Don’t worry about making mistakes: that’s how you learn what works for your cat and what doesn’t.
After a few days of feeding Néline with raw food, the improvements started to appear: after two days her stools stopped smelling bad, they were firmer and smaller.
After one week, Néline’s breath stopped smelling bad and we could notice a real improvement on the tartar on her teeth.
I can’t really talk about the improvements in Néline’s fur. In fact, as she was only 9 months old when we switched, she didn’t have her adult fur yet, so it doesn’t make sense to compare her adult fur with her kitten fur.
Before raw feeding
Before joining our family, at the breeder Praline was eating kibbles, wet food, and raw meat. We then expected the transition to be easy, as she was already used to raw meat.
We started feeding Praline raw as soon as she arrived home. She was a 4-month-old kitten at that time.
As I explained in the article about transitioning a cat to raw feeding
, for a kitten younger than 6 months I recommend switching cold turkey, directly with a balanced diet. This means that you should directly feed your kitten with meat, raw meaty bones, and organs: that’s what we did with Praline.
We started by giving her rabbit ribs, beef meat, chicken liver and pork kidney. Then, after one week, we started introducing more types of meat and bones, one by one such as pork, quail bone, and finally I added fish, hearts, …
After a few weeks, Praline was eating like Néline in term of diversity.
Everything went quite well, as Praline never refused to eat anything!
She didn’t have any diarrhea, and her stools were well-formed right from the first days, even if they were quite smelly at the beginning. Like for Néline, she occasionally had soft stools, when we were giving here new types of liver too quickly.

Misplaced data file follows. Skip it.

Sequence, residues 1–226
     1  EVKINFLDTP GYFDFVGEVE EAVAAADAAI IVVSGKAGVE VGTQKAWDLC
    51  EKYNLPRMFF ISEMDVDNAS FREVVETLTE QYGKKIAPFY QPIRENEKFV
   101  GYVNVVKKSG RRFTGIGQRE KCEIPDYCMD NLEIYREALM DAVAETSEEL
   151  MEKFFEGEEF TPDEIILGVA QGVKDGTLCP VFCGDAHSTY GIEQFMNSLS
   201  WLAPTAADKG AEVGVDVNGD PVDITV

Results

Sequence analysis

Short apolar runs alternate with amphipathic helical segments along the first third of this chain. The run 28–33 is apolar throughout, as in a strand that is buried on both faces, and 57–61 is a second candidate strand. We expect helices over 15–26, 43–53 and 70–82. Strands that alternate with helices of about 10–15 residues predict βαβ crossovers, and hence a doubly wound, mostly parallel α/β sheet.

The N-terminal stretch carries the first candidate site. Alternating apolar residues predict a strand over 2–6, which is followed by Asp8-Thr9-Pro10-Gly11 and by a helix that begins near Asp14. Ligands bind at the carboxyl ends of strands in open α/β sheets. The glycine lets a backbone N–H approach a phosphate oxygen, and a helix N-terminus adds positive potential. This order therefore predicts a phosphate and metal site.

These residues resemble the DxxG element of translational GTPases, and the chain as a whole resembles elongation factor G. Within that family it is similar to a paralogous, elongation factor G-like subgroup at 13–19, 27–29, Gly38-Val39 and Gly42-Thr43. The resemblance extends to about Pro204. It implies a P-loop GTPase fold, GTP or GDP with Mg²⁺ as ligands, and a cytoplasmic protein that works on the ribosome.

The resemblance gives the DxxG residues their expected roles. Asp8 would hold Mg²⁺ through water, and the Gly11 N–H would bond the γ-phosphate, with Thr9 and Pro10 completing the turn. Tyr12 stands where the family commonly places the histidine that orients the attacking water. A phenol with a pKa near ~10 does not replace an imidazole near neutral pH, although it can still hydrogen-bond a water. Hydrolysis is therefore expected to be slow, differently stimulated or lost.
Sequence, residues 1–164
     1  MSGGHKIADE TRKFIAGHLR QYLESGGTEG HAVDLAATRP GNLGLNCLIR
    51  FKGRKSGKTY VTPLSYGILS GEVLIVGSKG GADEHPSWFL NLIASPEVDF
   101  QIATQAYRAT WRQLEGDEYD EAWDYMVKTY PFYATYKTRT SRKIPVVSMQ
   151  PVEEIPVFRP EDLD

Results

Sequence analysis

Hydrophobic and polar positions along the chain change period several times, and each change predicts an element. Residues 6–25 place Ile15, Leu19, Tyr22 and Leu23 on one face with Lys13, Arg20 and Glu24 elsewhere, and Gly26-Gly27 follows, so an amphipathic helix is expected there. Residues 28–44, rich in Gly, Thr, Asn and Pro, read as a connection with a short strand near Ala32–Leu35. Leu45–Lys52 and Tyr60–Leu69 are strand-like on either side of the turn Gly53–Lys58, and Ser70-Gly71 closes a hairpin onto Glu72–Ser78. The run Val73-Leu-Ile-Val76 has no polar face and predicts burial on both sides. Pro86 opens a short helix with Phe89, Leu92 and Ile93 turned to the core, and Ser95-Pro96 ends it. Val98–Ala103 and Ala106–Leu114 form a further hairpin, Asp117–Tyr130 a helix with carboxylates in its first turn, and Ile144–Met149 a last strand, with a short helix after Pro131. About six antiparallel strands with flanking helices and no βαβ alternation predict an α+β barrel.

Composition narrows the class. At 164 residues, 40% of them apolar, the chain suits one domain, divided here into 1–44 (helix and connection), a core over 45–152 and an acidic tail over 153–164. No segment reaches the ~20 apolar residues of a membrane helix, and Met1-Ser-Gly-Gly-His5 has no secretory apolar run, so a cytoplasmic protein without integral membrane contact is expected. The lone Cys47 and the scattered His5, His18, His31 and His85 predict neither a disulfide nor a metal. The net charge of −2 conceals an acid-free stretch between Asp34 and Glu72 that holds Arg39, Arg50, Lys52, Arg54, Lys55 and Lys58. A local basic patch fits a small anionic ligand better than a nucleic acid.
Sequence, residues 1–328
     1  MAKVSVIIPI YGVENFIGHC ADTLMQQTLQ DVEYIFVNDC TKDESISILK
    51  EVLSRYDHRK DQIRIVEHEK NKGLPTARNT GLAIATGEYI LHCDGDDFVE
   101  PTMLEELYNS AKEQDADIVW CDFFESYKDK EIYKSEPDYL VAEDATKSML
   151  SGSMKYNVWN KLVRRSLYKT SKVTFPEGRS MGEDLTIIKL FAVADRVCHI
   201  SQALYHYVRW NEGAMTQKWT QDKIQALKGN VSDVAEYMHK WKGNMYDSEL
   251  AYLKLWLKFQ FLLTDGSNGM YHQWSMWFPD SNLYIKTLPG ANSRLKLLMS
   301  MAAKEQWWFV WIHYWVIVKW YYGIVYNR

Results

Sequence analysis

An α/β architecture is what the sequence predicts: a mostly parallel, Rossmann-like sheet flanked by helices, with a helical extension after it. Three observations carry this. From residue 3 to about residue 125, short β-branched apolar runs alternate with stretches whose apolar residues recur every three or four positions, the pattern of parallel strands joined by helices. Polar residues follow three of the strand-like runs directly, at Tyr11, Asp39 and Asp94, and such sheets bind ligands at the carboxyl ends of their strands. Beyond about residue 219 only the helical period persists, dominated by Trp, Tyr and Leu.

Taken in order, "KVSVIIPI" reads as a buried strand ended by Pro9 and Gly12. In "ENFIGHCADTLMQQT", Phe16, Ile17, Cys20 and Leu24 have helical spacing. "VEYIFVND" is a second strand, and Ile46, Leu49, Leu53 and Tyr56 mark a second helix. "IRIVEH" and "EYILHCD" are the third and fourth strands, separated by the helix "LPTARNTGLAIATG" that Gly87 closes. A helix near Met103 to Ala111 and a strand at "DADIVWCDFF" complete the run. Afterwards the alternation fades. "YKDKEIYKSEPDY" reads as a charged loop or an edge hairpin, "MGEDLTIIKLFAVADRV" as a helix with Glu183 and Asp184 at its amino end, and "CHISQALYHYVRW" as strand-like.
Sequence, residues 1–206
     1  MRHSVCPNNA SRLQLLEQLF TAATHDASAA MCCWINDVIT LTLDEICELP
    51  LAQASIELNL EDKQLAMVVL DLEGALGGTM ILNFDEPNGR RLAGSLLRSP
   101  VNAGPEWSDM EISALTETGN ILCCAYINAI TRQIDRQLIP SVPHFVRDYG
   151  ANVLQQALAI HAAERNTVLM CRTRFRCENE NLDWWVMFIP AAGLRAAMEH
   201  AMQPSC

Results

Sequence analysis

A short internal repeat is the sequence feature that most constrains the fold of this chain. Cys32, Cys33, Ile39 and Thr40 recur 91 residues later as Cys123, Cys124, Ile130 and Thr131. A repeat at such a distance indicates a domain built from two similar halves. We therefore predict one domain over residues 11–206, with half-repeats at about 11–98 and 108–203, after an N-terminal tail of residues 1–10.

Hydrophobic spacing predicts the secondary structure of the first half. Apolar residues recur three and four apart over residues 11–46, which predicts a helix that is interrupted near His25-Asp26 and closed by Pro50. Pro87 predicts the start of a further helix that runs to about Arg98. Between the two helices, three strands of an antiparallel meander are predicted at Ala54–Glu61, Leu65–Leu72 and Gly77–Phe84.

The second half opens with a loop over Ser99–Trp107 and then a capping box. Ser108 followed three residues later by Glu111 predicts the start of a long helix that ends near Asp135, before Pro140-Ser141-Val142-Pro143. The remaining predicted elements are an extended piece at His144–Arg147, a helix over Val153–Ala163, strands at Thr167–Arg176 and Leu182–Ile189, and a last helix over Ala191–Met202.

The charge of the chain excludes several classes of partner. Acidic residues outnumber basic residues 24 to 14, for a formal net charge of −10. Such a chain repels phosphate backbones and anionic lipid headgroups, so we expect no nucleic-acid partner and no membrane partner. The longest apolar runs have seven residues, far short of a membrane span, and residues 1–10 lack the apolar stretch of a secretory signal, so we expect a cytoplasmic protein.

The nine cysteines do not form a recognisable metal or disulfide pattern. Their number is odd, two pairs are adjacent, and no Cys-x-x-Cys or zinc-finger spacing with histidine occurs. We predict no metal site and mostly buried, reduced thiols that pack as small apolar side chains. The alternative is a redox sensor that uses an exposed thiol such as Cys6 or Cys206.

Regarding the quantity of food, Praline was weighing 1.9 kg (67 oz) when she was 4 months old. We fed her at will, and this resulted in a daily ration of around 180-190 g (6.3-6.7 oz), so around 10% of her weight.
4-months-old Praline eating quail
Rabbit ribs, the first bones we gave to Praline, weren’t the best bones for her at that time. She was a bit struggling to eat them, not because they were too hard, but because of their shape. We then substituted them with quail bones and she managed to eat them much better.
We also had some problems which weren’t directly linked to raw feeding. Praline was a very curious and distracted kitten, so whenever she started eating she’d get distracted by absolutely everything and would then stop eating. In order to make her finish her bowl, we needed to put her back in front of it every couple of minutes. We especially had difficulties to make her eat pork, which she seems to not like much.
We also had a period when Praline had difficulties to eat the raw meaty bones when she was teething, at around 5 or 6 months old. To help her eating the bones I was hammering it with a meat tenderizer, and it helped a lot.
As I write this article, Praline is 9 months old, and she is now eating absolutely everything without any problem.
I can’t really talk of improvements due to the switch to raw feeding, as Praline never ate kibble since we got her.
To conclude, I think I have been quite lucky with both Néline and Praline as they ate everything most of the time!
Each transition is unique and depends on the cat: what you should remember from this article is to really adapt to your cat’s needs.